Distributional Characterization of Derivation
Principal Investigator: Sebastian Padó
Researchers: Gabriella Lapesa, Max Kisselew
Former Researchers: Aurélie Herbelot, Alexis Palmer
Derivational morphology is an important process of word formation. Work in computational linguistics has usually focused on the orthographic level, modeling derivation as a string transformation. The semantic level, where orthographic derivation patterns such as-er, -ungcorrespond to a variety of semantic shifts, has received less attention in the field.
The goal of this project is to model the semantics of derivational patterns using distributional methods. We will work in the recently developed framework of compositional distributional semantic models (CDSMs) which assumes that derivation is essentially acompositionalprocess in which derivational patterns act as functors (represented as linear maps) that are applied to base terms (represented as vectors). We can then predict the meaning of a termw2derived from another termw1through a derivational patternMalgebraically. We assume that are two main types of semantic shifts underlying derivation that differ in their distributional character
- Topic shifts change the lexical context between the source and the derived term but leave argument structure constant; examples are diminutive (-chen) and gender (-in) suffixation. These shifts are best represented in word-based vector spaces.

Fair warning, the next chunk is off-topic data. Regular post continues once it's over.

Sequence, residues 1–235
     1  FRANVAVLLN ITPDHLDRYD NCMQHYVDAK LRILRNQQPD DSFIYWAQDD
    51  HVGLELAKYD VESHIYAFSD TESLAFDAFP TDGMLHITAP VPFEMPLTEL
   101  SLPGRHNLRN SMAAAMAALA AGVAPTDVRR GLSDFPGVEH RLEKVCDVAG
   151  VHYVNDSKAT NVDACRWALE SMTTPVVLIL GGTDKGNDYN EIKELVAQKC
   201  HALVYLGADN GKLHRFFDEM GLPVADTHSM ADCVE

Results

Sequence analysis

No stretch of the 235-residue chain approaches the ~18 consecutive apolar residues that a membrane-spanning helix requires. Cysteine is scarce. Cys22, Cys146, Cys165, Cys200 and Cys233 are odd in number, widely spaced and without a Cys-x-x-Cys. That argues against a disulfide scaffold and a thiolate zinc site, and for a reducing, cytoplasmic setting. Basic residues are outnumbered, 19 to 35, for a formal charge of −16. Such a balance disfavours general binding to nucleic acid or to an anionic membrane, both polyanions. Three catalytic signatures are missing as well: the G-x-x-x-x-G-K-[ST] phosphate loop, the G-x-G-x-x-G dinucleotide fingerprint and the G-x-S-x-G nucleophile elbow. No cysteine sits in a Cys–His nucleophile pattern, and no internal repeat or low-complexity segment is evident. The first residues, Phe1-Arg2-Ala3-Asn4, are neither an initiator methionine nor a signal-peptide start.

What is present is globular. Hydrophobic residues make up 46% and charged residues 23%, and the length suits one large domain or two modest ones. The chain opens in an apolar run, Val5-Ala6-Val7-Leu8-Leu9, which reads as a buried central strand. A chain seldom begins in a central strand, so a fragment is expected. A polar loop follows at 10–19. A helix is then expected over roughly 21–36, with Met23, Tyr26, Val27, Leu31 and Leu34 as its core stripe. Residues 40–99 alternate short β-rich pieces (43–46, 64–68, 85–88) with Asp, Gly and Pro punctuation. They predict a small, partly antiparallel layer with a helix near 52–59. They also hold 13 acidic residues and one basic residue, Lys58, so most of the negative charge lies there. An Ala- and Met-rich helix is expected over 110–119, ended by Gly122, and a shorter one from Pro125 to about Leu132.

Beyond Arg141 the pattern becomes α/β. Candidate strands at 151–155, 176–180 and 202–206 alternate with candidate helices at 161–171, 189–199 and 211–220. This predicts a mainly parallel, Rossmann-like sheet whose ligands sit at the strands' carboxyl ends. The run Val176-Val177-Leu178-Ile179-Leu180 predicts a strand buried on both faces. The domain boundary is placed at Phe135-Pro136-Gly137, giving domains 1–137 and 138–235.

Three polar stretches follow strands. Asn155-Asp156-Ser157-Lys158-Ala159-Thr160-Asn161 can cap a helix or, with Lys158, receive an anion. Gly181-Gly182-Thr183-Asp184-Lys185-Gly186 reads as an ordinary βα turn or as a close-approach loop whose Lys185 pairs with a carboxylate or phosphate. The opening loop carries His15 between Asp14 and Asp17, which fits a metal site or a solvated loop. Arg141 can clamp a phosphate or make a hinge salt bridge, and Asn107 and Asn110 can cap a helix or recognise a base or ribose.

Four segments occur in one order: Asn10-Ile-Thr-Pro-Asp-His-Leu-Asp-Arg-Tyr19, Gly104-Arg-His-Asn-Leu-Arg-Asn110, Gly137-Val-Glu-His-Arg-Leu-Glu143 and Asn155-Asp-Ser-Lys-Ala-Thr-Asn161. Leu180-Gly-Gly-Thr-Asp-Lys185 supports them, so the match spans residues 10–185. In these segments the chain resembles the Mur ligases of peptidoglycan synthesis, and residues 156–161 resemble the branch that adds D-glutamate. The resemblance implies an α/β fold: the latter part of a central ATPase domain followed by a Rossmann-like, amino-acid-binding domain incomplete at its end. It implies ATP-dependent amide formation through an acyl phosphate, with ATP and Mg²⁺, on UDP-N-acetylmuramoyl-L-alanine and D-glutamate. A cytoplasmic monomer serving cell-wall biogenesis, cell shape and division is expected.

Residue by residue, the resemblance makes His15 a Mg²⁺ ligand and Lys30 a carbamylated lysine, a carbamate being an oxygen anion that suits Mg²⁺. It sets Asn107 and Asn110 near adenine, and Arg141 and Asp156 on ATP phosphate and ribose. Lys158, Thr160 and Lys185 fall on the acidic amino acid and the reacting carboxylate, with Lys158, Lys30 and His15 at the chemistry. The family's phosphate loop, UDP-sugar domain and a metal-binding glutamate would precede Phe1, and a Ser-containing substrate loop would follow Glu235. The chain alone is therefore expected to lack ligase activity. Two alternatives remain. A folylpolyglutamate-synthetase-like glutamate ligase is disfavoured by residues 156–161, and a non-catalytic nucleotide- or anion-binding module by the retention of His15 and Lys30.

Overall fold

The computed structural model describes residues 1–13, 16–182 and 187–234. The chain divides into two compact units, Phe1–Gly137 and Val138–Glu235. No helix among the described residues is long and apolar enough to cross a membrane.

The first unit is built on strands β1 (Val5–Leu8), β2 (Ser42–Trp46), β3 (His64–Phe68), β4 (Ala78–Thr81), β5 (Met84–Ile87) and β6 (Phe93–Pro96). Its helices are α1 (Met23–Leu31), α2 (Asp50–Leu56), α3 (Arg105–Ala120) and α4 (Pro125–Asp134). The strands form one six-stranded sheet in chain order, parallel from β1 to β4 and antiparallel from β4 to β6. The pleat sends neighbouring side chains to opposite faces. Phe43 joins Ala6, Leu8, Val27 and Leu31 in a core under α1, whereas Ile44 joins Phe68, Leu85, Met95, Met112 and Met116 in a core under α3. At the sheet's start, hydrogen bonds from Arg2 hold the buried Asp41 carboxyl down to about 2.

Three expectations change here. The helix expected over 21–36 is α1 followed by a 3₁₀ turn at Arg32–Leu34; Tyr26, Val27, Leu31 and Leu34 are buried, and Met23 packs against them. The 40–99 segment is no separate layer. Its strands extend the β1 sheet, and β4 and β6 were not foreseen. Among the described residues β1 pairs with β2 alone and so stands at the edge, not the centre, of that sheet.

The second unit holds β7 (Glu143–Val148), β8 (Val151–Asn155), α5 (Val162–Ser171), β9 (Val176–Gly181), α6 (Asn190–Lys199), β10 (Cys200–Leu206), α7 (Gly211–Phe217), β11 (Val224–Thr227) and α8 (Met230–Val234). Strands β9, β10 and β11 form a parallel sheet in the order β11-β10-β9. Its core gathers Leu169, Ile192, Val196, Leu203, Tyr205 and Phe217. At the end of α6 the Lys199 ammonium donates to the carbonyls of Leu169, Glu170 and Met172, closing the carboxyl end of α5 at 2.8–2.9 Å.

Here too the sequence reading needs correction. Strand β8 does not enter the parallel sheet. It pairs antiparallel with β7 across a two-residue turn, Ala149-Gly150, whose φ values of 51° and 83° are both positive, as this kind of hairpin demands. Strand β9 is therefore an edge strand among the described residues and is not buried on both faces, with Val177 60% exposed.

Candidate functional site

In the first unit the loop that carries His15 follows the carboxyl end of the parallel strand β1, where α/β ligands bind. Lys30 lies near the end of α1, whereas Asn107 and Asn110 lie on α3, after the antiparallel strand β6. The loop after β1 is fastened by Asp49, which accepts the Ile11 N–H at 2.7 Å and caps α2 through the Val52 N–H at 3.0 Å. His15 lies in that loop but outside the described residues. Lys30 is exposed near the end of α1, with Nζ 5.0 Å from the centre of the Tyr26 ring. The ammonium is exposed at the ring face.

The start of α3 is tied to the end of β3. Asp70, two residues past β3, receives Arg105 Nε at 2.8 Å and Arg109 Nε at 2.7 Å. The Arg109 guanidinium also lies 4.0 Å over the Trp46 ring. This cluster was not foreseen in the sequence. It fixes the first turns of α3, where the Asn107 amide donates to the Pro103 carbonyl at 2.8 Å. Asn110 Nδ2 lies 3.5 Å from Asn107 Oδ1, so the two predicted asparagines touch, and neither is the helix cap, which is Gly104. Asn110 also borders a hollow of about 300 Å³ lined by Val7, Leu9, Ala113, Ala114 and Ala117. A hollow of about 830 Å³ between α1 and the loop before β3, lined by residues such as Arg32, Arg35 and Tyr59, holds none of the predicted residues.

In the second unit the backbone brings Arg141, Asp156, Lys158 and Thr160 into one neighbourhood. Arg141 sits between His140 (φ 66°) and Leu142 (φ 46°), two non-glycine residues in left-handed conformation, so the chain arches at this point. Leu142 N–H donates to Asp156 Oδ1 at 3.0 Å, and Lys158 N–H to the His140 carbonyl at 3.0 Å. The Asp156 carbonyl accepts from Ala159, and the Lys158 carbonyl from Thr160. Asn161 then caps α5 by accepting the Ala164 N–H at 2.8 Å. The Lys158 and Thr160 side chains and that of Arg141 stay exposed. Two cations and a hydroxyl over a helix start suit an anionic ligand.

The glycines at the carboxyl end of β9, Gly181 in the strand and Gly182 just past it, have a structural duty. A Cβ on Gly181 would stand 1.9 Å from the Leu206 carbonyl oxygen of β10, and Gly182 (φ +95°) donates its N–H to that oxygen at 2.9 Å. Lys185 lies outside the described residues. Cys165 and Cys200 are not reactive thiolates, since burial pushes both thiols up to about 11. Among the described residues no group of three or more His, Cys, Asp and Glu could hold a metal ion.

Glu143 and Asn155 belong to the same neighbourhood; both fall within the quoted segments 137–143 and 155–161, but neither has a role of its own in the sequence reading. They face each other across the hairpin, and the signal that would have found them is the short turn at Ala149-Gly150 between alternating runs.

- Syntactic shifts lead to argument structure changes between the source and the target term but leave the lexical context untouched; examples are agent and event nominalizations (-er, -ung). Representing such shifts requires syntax-based vector spaces.
- Combined shifts involve changes on both levels.
A major challenge is that most orthographic patterns are ambiguous, corresponding to more than one semantic shift (e.g., the event/state ambiguity of nominalizations). We will start by concentrating on derivational patterns where one orthographic pattern corresponds to one semantic relation, to test the feasibility of our modeling approach. These results will be subsequently generalized, tackling ambiguous patterns and will address ambiguity and idiosyncrasy with clustering methods.
The results of the project will have impact on both linguistics and computational linguistics. The benefit for computational linguistics will lie in improvements to distributional modeling through linguistic constraints. The improved models will be less sparse and more linguistically plausible and thus provide better modeling of meaning in NLP applications. The benefit for linguistics consists in establishing a methodological bridge between theoretical and distributional analysis with the goal of verifying and refining theoretically motivated classifications through the inclusion of corpus evidence.